the kindle e-book has just been launched in the uk. i'm still wondering what it's for. books are one of the greatest inventions in the history of the world. they're cheap and portable. you can read them in blazing sunlight. you can drop them in the bath, stamp on them, bury them in sand and stick them in the oven. their batteries don't run down, they insulate a room excellently from noise and sound and when you're finished with them you can give them to a friend or a local oxfam bookshop. the only good reason for having 60 digital books in an unreliable battery-powered device is if you're stuck for a long period in a part of the world that has no good shops selling books in your own language and a reliable power supply. actually, that's not quite true, there is another good reason, but it only applies if you're a large corporation selling e-readers. it turns reading books into a way of making more money. it destroys the democracy of reading by preventing you borrowing other people's books and it forces you to buy a new device (and new contents) every time yours breaks down.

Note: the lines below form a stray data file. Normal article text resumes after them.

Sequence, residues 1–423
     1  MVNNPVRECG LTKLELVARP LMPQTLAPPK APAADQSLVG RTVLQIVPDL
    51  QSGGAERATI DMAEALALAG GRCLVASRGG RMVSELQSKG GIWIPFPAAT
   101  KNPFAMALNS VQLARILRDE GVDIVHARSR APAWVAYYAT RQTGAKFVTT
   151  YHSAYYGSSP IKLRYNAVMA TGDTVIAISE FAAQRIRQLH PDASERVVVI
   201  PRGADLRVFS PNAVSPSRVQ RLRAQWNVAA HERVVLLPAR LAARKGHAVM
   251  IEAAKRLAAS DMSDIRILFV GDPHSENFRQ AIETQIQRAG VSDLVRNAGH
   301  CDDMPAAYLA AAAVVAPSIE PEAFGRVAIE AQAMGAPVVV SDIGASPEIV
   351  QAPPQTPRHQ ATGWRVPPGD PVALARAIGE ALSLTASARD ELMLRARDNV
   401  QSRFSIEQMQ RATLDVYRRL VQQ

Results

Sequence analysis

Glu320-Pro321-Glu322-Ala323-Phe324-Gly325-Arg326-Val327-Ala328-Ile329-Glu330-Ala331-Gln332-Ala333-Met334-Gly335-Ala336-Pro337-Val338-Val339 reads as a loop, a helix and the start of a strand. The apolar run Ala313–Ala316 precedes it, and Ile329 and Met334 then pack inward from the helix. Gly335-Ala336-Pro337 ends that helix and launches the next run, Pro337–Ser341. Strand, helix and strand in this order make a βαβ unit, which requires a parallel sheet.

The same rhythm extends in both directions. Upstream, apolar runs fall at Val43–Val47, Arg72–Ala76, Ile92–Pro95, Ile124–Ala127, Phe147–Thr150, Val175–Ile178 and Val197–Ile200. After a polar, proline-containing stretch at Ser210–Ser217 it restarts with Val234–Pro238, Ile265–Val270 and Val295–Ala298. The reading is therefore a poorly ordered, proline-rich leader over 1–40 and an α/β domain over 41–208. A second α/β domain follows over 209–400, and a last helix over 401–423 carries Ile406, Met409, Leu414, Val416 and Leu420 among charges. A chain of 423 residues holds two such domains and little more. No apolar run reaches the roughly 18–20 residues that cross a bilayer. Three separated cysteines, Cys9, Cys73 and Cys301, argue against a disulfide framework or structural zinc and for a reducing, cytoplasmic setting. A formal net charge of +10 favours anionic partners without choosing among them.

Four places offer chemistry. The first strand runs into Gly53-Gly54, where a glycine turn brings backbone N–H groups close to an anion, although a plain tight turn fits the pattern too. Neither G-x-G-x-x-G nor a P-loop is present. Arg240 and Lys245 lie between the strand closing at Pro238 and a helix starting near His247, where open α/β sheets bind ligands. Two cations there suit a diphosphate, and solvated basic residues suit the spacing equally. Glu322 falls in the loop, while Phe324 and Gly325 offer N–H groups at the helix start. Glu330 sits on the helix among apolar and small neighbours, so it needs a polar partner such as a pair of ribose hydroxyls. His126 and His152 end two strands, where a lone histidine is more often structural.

e-readers are like the sinclair c5. they've been aimed at a non-existent gap in the market. when podcasts came along they felt like something the world had been waiting for. we no longer had to sit in the kitchen or in the car while listening to radio 4 or a favourite audiobook. we could do it on the bus or while walking to work. e-books just complicate and commercialise something we were doing very well already on our own, thank you.
e-readers will take off when you can upload text files and spreadsheets, those sheaves of paper and reports and typescripts that fill people's briefcases on the morning train and end up in the bin by the end of the day. but e-bumph is just not as romantic a word as e-book.